To get email notification when someone adds to a thread you're following, click on the star in the thread's header and it will turn yellow; click again to turn it off. To edit your profile, click on the gear.
The Wall has a powerful search engine that will go all the way back to 2002. Use "quotation marks" around multiple-word searches. RIGHT-CLICK on the results and choose Open Link In New Window so you'll be able to get back to your results. Happy searching!
In fairness to all, we don't discuss pricing on the Wall. Thanks for your cooperation.

Honeywell Zone Valve failure. Hydronic oil fired boiler

MacMac Posts: 13Member
The about two weeks ago, we came back from being out for the day and found the house was 80 degrees.  After checking the thermostat to see that it wasn't the cause, I found that the Honeywell V8043 zone valve was stuck in the open position.  With a screwdriver and force I was able to start moving the valve so it would at least move.



Since I'd read that the motors were commonly the reason for failure, I replaced the motor from one of the zones that is unused at the moment (thanks to a coal stove).  The motor didn't help because the resistance to move was too high, so I switched out the whole gearbox head assembly from that unused zone and reinstalled it's motor.  That fixed the problem long enough to order and receive a new valve from Amazon.  It's head has been installed on the failed location.



It seems that the company that installed our Weil McLain WTGO boiler during the summer of 2012 reinstalled the old zone valves that were taken off the 17 year old boiler.  These three Honeywell V8043 valves were supposed to be new according to the contract we and they signed.



I noticed they used the old zone valves and placed sparking new covers on them, because after the original boiler was installed in 1995 with two zones, I installed a third zone in the basement to prevent freezing pipes if it should get cold enough.  When I did this, I marked the top of the valves with a zone number in my handwriting, except, on one, I made a mistake and crossed it out and wrote it again.  This, because they were near the ceiling and were hard to write on.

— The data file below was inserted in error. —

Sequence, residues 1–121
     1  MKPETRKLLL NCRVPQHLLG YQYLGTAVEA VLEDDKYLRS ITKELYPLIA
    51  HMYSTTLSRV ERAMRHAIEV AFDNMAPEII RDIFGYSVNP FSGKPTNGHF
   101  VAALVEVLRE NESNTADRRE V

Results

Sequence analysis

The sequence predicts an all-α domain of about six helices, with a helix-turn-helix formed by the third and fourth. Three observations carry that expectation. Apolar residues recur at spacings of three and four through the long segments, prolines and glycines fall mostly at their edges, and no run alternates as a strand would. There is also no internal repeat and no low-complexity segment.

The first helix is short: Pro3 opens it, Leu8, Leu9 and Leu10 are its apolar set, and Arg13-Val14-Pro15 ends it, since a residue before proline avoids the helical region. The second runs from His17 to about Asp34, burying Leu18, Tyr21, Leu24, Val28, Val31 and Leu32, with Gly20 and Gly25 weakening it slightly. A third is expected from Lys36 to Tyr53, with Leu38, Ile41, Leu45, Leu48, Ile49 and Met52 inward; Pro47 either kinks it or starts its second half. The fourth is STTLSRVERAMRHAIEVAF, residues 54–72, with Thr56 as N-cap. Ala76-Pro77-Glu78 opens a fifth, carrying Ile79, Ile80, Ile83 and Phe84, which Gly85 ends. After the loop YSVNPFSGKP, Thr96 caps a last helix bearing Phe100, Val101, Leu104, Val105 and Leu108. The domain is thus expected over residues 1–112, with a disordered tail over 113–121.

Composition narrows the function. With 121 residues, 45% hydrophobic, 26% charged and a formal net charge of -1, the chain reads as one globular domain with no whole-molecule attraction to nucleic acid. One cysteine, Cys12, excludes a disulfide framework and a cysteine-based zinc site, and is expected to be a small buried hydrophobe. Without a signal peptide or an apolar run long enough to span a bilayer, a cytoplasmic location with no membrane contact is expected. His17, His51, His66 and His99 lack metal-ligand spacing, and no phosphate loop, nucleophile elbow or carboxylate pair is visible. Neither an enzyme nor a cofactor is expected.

So, when I removed the failed zone valve, there was my handwriting on it.  I had to use a mirror to check the others, because they were installed even closer to the ceiling on the new boiler.



My question is, does the ball valve inside the valve fitting wear out as well?  It appears to be a round plug covered in rubber that opens and closes.  The seal is not leaking at this time and currently the valve is working.  But, if it's near failure, too, I'd just as well replace that part of it, too, since I did receive that part when I ordered the new one.



I don't want this company to come near our boiler.  There were other issues that were red flags, too, such as installation of obviously old used shutoff valves, and failure to set up the burner after installing it.  Assemble it… see if it starts… it does… clean up and go home.  I had to call them back to adjust the efficiency and check co, co2, smoke, etc.  They told me the manufacturer knows best how to set them up, and they usually don't need any adjustment.



I just want it to be reliable.  I'm already going to change out the heads on the  other zone valves.  But, I just wonder if it's really necessary to change the ball valve part, too, which will require draining the system.  Other than the failed zone valve, it's worked well for the year and a half it's been running.
· ·

Comments

  • JStarJStar Posts: 2,505Member ✭✭✭
    Zone Valves

    You should be able to find the whole assembly with the motor and plunger arm together.
    - Joe Starosielec
    732-494-4357
    j.star@thatcherhvac.com
    http://thatcherhvac.com
    http://facebook.com/thatcherhvac

    Guaranteed performance. Guaranteed energy savings.
    Serving all of NJ, NYC, Southern NY State, and eastern PA.
    Consultation anywhere.
    · ·
  • Honeywell Zone Valves

    You should check the date code on the round motor of the operator to see for certain if they replaced the valves.  I've seen it happen to leave the old cover on the new valve so they don't have to re-write the information.  The last two numbers will be the year manufactured.